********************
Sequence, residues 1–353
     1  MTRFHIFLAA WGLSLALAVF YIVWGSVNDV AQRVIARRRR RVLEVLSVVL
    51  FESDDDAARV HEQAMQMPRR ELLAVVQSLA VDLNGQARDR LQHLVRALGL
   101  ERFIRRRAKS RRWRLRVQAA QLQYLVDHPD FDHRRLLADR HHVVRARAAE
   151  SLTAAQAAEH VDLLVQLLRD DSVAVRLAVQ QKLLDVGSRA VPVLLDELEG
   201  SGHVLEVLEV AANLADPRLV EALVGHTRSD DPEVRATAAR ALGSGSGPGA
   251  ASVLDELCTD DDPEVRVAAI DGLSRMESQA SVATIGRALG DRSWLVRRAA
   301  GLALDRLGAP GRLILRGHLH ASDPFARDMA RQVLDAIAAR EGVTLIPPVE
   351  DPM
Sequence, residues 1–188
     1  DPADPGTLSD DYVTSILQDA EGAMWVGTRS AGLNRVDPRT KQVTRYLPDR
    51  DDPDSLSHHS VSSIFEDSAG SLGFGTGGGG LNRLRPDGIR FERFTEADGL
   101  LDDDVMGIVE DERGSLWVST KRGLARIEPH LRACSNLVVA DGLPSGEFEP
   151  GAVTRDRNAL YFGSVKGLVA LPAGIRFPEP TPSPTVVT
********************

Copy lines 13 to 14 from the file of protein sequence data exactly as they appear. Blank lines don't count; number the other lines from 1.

   101  LDDDVMGIVE DERGSLWVST KRGLARIEPH LRACSNLVVA DGLPSGEFEP
   151  GAVTRDRNAL YFGSVKGLVA LPAGIRFPEP TPSPTVVT